The rehab branch will need to utilize the department’s accountability system for tracking members entering and leaving the area. The responsibility for release resides with„EMS rehab personnel. The standard dictates use of a time-in/time-out documentation process for crews or individual members, and offers samples of these simple documents for departments to use as a template.
A more complex set of operations will take place when members are injured or ill and require further assessment and treatment. When this occurs, the department’s standard medical protocols will be followed and care for the individual will occur and be documented appropriately.
When a person in rehab becomes a patient, it’s the responsibility of the manager of the area to ensure adequate care and mobilize transportation resources. The appendix to the standard suggests ALS care be available, if possible. For high-risk operations, where hazmat operations will be conducted and/or ongoing risks to the public are presented, it’s appropriate to have ALS resources participating in rehab operations, keeping some ALS personnel available to manage other ALS needs on scene.
Initial assigned„EMS crews have multiple duties, such as to triage civilian casualties, transport injured or ill civilians, assist the public information officer in developing community messages and help establish the rehab area.
All personnel who receive medical care will need a patient-care report completed for their employee health record, as well as for their health-care providers. Other documentation necessary upon completion of rehab operations includes:„
>„„„ A report that verifies that the medical monitoring process was conducted;
>„„„ Verification reports that rehab supplies were used;
>„„„ Any forms required by incident command; and
>„„„ Verification that rehab supplies were restocked for the next incident.
It may be appropriate to notify command or company officers about the needs for members to continue re-warming, drinking fluids, or cleaning and drying equipment before returning their unit to full service.
The Future of Rehab
Structured rehab programs are a big step to preventing acute injuries and the fatigue or thirst that causes judgment errors. NFPA 1584 will change the nature of managing fire incident personnel and increase the safety of firefighters and other emergency responders who work at an incident. It presents a prime opportunity for us to develop important practices in our departments that will produce healthy retirees.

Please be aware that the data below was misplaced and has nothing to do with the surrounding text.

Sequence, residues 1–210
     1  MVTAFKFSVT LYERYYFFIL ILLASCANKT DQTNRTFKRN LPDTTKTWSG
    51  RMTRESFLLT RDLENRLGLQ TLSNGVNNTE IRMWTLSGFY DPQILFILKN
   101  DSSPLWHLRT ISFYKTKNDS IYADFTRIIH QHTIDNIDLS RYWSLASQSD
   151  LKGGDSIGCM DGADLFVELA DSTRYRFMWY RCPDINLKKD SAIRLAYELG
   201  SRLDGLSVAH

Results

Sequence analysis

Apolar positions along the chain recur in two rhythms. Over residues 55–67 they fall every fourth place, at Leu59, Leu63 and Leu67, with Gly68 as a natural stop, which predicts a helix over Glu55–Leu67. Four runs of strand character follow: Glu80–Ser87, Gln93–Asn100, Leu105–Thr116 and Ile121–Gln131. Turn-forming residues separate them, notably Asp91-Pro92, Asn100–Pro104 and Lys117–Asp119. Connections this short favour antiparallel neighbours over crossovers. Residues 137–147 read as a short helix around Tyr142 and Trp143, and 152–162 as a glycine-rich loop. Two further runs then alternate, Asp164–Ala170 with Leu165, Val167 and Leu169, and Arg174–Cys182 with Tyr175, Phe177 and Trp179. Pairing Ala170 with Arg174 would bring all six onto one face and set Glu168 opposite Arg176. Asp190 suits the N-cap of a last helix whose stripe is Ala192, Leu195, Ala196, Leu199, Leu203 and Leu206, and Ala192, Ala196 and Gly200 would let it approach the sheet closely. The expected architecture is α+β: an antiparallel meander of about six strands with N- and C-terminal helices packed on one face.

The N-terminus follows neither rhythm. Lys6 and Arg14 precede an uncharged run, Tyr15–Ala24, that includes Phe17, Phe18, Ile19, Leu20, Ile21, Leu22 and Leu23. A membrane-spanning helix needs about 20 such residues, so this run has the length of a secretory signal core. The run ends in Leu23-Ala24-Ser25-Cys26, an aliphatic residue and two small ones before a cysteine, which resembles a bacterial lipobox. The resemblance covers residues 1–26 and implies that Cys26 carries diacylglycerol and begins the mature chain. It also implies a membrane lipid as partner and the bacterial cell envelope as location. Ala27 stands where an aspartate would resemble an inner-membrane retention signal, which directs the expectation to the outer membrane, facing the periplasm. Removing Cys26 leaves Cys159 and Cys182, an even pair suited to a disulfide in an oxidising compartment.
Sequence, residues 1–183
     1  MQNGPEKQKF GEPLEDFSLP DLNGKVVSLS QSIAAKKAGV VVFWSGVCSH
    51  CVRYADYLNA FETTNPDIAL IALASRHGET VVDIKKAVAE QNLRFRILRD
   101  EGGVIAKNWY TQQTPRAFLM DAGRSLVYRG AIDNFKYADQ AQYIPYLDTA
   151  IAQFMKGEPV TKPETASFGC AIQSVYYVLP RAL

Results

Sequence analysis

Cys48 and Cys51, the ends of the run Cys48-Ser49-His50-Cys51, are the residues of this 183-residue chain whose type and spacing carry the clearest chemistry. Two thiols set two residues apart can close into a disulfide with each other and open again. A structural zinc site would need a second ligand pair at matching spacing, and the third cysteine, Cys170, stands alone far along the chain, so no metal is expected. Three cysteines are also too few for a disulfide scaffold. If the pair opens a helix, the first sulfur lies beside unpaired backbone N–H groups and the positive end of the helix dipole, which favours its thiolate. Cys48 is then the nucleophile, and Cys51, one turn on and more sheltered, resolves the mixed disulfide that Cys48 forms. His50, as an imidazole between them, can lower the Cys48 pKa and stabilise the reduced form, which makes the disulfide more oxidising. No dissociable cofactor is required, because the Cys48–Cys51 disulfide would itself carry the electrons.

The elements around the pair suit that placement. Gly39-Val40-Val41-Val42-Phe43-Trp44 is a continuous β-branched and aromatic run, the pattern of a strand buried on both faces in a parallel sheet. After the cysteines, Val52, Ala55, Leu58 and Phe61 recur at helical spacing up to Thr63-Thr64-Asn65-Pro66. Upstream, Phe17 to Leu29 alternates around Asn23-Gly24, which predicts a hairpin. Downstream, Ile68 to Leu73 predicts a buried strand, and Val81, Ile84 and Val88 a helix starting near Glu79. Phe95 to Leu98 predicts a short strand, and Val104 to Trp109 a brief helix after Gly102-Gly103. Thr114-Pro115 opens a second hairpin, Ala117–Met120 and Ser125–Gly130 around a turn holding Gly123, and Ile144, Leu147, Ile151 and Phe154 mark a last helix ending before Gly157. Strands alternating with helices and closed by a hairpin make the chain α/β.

The scientific evidence behind the standard will continue to increase. Some departments are developing research programs to investigate physiologic responses to fireground activities. These will add to our knowledge of safe incident practices, improved methods for rest and revitalization, and reductions in injuries related to scene operations. We need these elements to build research programs for lifelong safety and member health improvements.
All agencies should post a copy of the 32-page standard in their station and use the appendix for sample guidelines, heat index and wind-chill charts, and training materials. You can purchase the document atwww.nfpa.org.
James J. Augustine, MD, FACEP,serves as medical director for many fire services in the Atlanta area, including the Atlanta Fire-Rescue Department and Airport Division of Atlanta Fire at Hartsfield Jackson Atlanta International Airport. He’s a clinical assistant professor of emergency medicine at Wright State University in Dayton, Ohio. His firefighting and EMT-A experience extends back 27 years. He’s also on the editorial board forJEMS.Resources